Creating Azure VMs with Powershell
Steve Jennings
by Steve Jennings

First post! How exciting! I should’ve started this long ago…

Since I wrote this, I’ve moved beyond using Powershell for deploying new virtual machines. But I’m slowly getting back to this script. A lot has changed since it was first written. Since the script was originally made - Azure has deployed quite a bit with such updates as…

This post, I hope, helps the operations guy (colloquially named a ‘Sysadmin’ or ‘System Administrator’ in some circles) manage deployments to the Public Cloud using Windows Powershell.

About a year and a half ago, we were being tasked with a redesign of our primary web system. This was a big challenge. I believe it was considered such at the time because hybrid cloud environments were just really ramping up. The organization had no experience in the public cloud and had no semblence of how to approach a redesign for the website. Since I handled most of the infrastructure for the old site, I figured, why not give Azure a shot (we chose Azure at the time, mostly because AWS had no support for Server Message Block 3.0, for those wondering. Amazon has since fixed this oversight). I had not touched any of these services before and thought of it as a learning opportunity.

As a result, there was practically not much in the way of tooling and Azure had just deployed their new platform, Resource Manager. Documentation was being migrated to their new documentation system and ultimately not many people I spoke to had any idea on how to approach building machines in a quick, efficient manner. So this script was actually an early foray into getting systems deployed on Azure using the tool I was familiar with at the time which was Powershell.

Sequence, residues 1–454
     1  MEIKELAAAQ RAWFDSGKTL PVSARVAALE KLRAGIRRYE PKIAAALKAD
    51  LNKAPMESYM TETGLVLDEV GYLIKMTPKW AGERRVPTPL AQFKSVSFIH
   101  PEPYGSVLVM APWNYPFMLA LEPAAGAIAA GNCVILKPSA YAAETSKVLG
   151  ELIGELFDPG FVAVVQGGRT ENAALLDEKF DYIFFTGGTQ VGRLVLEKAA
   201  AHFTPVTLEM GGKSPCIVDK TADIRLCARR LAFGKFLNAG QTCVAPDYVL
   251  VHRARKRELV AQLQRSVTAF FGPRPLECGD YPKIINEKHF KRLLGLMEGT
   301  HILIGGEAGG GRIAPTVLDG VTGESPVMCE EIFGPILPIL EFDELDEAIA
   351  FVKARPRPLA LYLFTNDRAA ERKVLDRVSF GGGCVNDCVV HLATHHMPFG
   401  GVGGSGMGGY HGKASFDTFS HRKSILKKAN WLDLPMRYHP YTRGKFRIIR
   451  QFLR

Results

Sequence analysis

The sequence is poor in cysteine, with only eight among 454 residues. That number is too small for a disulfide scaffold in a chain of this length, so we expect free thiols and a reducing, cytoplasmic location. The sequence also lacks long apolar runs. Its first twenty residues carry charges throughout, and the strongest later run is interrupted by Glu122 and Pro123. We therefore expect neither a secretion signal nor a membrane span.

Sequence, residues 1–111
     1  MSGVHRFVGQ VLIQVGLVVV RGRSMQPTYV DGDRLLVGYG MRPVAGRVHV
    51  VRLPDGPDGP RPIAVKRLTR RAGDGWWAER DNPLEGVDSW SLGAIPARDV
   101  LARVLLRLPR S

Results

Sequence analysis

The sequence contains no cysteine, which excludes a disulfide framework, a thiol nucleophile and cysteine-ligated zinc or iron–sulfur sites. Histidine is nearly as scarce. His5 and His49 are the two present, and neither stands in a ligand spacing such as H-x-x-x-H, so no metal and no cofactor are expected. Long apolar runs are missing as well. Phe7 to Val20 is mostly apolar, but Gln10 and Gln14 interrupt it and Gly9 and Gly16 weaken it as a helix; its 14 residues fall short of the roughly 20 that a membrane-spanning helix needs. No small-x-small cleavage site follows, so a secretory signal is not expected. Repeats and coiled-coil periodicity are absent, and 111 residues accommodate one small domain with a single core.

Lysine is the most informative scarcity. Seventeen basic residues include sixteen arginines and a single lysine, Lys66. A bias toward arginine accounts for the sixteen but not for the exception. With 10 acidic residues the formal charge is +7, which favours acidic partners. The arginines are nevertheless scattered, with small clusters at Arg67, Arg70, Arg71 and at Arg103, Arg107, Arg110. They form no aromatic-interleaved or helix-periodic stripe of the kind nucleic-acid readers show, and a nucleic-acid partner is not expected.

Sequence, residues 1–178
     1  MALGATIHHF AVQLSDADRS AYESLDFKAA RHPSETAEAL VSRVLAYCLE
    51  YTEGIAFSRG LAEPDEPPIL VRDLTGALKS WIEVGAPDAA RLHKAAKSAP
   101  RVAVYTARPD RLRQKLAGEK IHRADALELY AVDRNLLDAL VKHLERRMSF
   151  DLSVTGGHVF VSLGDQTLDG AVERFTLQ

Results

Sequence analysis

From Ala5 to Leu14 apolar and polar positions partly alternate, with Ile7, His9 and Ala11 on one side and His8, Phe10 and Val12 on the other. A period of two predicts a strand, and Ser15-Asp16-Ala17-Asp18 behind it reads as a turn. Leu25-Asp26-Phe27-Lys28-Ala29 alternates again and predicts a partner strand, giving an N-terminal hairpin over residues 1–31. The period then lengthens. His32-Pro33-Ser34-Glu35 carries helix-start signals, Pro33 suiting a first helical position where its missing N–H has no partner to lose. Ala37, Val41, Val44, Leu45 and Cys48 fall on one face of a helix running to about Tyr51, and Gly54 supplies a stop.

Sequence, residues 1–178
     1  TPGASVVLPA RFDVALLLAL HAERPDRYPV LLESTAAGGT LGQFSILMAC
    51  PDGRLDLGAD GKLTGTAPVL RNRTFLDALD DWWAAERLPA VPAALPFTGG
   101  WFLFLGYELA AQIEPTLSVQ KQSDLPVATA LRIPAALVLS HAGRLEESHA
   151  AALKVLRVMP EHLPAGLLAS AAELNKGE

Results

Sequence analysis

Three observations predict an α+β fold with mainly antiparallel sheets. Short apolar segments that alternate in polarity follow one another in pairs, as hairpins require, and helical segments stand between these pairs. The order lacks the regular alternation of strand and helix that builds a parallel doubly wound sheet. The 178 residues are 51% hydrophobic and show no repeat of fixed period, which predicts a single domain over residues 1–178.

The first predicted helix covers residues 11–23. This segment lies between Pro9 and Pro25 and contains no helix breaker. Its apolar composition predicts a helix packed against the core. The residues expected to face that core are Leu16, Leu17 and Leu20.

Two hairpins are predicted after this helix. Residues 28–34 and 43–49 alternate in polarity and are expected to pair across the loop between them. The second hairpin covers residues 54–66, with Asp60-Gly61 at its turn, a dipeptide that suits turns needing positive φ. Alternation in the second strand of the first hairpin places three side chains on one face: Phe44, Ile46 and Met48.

I first attempted to treat Azure like I could any other private cloud provider and that was a huge mistake. I learned some valuable lessons in attempting to keep up to speed on deploying new systems in Azure. It was what formulated the reasoning to create the script.

Here’s some of those pain points by treating it like our private cloud:

  • I treated our virtual machines as special snowflakes.
  • I manually built these machines, and manually configured them.
  • I had challenges trying to utilize the cloud platform design because the previous decisions hampered growth.
  • I had an issue dealing with the decoupled nature of building Azure Compute resources

…all of which contributed to a domino effect of failing to accurately update.

Ultimately I came to the conclusion that I needed to utilize Powershell to handle most of the heavy lifting for new deploying new virtual machines.

My Powershell script would do the following:

  • Grab input and verify input
  • Dynamically check to ensure that naming conventions with specific resources are properly adhered to
  • Attempt to provide error checking
  • Utilize Azure Managed Disks and check whether a size is capable of using one or the other
  • Utilize the ability to check against VM size and utilize enhanced networking

Here’s the script:

Create-AzureManagedVM.ps1

There’s in fact quite a few things I’d like to improve… now that the new Az module is on the way:

  • Add support for managed images
  • Possibly query the Azure API for various tasks
  • Clean up the parametersets in the script to separate VHDs from images
  • Convert logic and commands entirely to utilize the new Az module